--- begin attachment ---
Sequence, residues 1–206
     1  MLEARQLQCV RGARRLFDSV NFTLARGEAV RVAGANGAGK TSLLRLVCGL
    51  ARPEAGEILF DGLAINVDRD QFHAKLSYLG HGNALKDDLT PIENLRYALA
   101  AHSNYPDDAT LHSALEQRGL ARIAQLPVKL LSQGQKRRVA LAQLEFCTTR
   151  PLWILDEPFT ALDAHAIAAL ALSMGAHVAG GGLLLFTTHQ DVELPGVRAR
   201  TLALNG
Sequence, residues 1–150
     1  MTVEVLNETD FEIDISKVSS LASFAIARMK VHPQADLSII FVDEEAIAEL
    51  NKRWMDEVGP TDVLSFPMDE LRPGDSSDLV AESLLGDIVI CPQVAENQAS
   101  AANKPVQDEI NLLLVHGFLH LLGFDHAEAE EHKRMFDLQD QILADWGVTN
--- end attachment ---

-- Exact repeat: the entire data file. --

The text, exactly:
Sequence, residues 1–206
     1  MLEARQLQCV RGARRLFDSV NFTLARGEAV RVAGANGAGK TSLLRLVCGL
    51  ARPEAGEILF DGLAINVDRD QFHAKLSYLG HGNALKDDLT PIENLRYALA
   101  AHSNYPDDAT LHSALEQRGL ARIAQLPVKL LSQGQKRRVA LAQLEFCTTR
   151  PLWILDEPFT ALDAHAIAAL ALSMGAHVAG GGLLLFTTHQ DVELPGVRAR
   201  TLALNG
Sequence, residues 1–150
     1  MTVEVLNETD FEIDISKVSS LASFAIARMK VHPQADLSII FVDEEAIAEL
    51  NKRWMDEVGP TDVLSFPMDE LRPGDSSDLV AESLLGDIVI CPQVAENQAS
   101  AANKPVQDEI NLLLVHGFLH LLGFDHAEAE EHKRMFDLQD QILADWGVTN